How loud is it in your volleyball gym?

Previously I commented in my coaching log entry about the volume of communication that took place during training. The university women I coached at the time had finally reached the level of understanding and intensity where they talked nearly constantly during game play. It wasn’t all of them all the time, of course. It was a massive change, however, from when I first got over there.

I joked with the team after training that people must have heard them throughout the sports center we trained in. From my perspective, that was awesome!

Volume = focus and intensity

You see, for me a loud team in training is a focused team playing at a high level of intensity. It’s what I was used to when I was coaching collegiately in the States. One of the things I immediately picked up on when I got involved with volleyball in England was how quiet it was on the court much of the time. I remember watching a men’s match my first season and hearing nothing but the sound of the ball on either side of the net. It blew my mind!

When I refer to a team being loud, there are a couple of elements to it. First is the simple part. Players communicate with each other during play. That’s calling the ball, hitters calling for sets, liberos making defensive calls, etc. There’s also the between play type of talking mentioned by Matt here. That’s being supportive of each other, keeping each other focused and motivated, and all that.

As Matt posted, though, communication needs to be focused and positive. It’s no good if it doesn’t actually serve a purpose or if it’s negative. It should be about transferring information and encouraging team cohesion.

I had a comment exchange with Coach Rey about the completely opposite idea of a loud gym – namely a silent one. Conceptually, I understand how it would be amazing to have a group of players who know each other and everyone’s responsibilities on the court to the point they could play silently. Alas, there aren’t many teams that reach that point.

So how loud is your gym?

John Forman
About the Author: John Forman
John recently compelted a stint as head coach for a women's professional team in Sweden. Prior to that he was the head coach for the University of Exeter Volleyball Club BUCS teams (roughly the UK version of the NCAA) while working toward a PhD. He previously coached in Division I of NCAA Women's Volleyball in the US, with additional experience at the Juniors club level, both coaching and managing, among numerous other volleyball adventures. Learn more on his bio page.

4 comments

  1. First thing I normally do taking over a new team is stoping calling for balls. I totally agree with Mark Lebedew who once wrote in his blog about taking responsibilities instead of waiting for somebody to call “yes” (or what ever) or seeing everybody going for the ball. Every player most of all in pass receiving should be appointed to an area. So what are they calling for? Either it is there ball or not.

    Otherwise some players tend to take every possible ball and others wait for them to do all the work.

    Until my team is not playing combinations or different passes on each position on offense there is no need for shouting at the setter as well. I think it’s better if the setter organizes his offense. As soon as it is getting more complex there is the need for changing plays or particular sets by calling. But only being loud for the purpose of looking dedicated doesn’t sound very useful to me. I think it’s – as very often – a matter of quality more then quantity.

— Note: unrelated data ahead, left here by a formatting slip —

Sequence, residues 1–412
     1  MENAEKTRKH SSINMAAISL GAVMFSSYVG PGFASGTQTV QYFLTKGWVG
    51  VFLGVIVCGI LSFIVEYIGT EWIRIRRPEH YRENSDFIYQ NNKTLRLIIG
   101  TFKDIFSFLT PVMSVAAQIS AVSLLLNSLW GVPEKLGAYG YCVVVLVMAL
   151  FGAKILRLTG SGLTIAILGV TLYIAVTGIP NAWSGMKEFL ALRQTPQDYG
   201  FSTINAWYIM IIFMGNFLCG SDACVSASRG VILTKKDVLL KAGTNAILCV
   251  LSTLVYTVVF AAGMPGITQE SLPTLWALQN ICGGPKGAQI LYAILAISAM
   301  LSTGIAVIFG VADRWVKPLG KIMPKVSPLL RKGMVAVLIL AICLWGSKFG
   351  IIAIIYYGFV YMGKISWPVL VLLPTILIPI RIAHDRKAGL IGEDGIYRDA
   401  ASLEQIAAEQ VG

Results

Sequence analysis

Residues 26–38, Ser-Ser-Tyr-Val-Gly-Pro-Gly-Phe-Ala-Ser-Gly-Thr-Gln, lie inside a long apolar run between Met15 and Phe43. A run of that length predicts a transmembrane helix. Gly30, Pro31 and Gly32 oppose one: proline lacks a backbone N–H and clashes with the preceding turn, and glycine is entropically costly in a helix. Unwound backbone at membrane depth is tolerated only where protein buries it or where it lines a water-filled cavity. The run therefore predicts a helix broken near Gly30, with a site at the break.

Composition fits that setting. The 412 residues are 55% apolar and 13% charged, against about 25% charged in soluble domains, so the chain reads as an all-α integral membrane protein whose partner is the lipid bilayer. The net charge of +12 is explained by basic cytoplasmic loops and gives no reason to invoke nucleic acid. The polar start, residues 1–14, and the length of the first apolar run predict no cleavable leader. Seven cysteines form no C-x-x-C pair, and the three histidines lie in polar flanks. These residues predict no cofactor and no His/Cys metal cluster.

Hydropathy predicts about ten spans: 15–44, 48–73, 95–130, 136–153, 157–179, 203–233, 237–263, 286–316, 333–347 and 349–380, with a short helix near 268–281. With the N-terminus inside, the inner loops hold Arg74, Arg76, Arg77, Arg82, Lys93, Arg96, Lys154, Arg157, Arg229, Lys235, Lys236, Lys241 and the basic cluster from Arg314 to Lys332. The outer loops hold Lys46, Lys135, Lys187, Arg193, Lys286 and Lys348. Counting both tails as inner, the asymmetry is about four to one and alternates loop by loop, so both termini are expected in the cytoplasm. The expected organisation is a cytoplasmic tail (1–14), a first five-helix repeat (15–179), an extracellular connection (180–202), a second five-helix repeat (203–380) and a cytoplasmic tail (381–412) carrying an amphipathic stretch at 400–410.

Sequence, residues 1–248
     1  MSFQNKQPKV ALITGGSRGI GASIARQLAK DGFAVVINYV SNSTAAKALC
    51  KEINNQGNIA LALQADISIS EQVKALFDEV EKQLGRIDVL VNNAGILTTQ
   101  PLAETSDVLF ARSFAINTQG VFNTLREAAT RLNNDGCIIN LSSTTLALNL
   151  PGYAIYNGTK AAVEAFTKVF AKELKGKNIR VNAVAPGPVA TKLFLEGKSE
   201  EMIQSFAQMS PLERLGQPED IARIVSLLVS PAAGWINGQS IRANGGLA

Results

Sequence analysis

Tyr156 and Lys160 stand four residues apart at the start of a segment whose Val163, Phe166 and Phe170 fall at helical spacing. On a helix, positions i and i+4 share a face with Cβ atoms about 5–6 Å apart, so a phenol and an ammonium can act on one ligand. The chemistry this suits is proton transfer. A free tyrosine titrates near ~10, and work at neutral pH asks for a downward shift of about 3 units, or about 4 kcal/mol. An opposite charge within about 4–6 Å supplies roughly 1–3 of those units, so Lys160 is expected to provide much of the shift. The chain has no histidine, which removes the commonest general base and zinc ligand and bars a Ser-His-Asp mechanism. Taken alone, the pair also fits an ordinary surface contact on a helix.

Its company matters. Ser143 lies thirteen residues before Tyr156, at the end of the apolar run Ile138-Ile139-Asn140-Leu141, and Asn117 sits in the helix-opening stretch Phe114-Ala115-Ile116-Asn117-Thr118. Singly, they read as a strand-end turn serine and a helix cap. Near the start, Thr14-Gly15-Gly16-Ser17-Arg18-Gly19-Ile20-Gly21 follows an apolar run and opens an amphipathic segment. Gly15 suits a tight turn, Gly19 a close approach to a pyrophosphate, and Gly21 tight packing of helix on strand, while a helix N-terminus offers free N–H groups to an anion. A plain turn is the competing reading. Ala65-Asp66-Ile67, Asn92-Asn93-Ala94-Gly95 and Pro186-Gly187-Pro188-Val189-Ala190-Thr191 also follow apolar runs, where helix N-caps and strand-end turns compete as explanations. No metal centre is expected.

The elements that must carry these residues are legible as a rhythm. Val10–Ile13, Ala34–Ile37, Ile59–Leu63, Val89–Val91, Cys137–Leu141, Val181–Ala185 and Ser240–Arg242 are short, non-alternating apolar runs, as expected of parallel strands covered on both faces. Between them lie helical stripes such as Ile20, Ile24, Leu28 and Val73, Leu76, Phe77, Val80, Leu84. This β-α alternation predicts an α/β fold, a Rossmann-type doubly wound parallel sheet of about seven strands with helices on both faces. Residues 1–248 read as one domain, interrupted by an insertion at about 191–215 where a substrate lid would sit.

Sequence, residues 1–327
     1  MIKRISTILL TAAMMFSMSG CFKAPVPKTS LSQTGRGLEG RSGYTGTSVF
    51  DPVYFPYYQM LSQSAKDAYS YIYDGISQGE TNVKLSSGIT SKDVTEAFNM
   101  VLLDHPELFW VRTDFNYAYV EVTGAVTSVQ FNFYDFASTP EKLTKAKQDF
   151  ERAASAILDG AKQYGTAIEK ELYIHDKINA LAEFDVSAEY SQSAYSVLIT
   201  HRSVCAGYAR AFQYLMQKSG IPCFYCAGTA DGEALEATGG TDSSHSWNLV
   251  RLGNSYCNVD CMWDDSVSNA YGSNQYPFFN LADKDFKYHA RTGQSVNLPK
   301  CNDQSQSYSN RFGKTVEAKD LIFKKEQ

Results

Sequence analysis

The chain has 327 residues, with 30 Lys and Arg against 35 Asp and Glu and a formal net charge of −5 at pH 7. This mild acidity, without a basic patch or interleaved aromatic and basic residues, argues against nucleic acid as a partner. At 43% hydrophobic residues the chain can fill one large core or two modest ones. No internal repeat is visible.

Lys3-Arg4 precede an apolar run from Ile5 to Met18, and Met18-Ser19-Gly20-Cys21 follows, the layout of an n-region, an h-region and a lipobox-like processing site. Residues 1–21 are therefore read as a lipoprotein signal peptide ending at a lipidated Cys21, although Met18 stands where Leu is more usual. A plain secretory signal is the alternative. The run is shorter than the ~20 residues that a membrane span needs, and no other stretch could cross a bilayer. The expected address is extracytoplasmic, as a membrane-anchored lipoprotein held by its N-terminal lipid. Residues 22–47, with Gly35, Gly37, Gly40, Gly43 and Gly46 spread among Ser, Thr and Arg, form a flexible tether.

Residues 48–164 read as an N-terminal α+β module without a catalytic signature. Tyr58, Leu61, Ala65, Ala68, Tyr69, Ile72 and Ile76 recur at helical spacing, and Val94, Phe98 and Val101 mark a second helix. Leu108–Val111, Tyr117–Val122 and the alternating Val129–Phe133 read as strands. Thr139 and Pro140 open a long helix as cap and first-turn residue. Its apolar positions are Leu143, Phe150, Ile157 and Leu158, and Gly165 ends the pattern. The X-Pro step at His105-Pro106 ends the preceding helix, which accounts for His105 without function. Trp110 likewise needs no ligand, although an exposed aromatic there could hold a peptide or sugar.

• John Forman John Forman says:

      I’d say firstly that on-court communication comes in several forms and purposes and that calling for the ball or calling the ball is only one of them. Addressing your specific points, I will absolutely agree that at higher levels of play the need for this sort of thing is limited as players know their areas of responsibility and there is less chance of confusion. In that case I’m not going to be bothered by players not calling the ball. At lower levels where they are still learning the system of play, though – and in the case where players come from different systems and styles (like I’ve got in the uni teams I coach) – there is a much greater need for this sort of talking. If nothing else, it reduces the risk of injury.

      • Okay. But if calling the ball excuses others for not taking responsibilities or learning the areas they are responsible for, where is the progression in this system? And if you explain after each calling that somebody else would have been responsible, why calling? Isn’t the picture of a ball falling to the floor more helpful then us talking about the same things again and again?

        • John Forman John Forman says:

          I think the act of running sprints after a ball hits the floor is even more helpful than us talking about the same things again and again! 🙂

          But to your point, I could flip things around and suggest that calling the ball is an indication of understanding and intent. The player calling the ball signals to their teammates and themselves that they know the ball is theirs to play and they are ready to do so. Some players actually pass better when they call the ball as it seems to sharpen their concentration – perhaps a kind of auditory cue effect.

          I’m not disagreeing with your point here. We’ve actually run training with the uni players where they were required to be totally quiet during play to encourage just the sort of development you’re talking about. For me, though, my bias toward calling the ball (at least at the lower levels) comes from the simple fact that it takes no effort and can only make things better – particularly when things get messy as they inevitably do at the lower levels.

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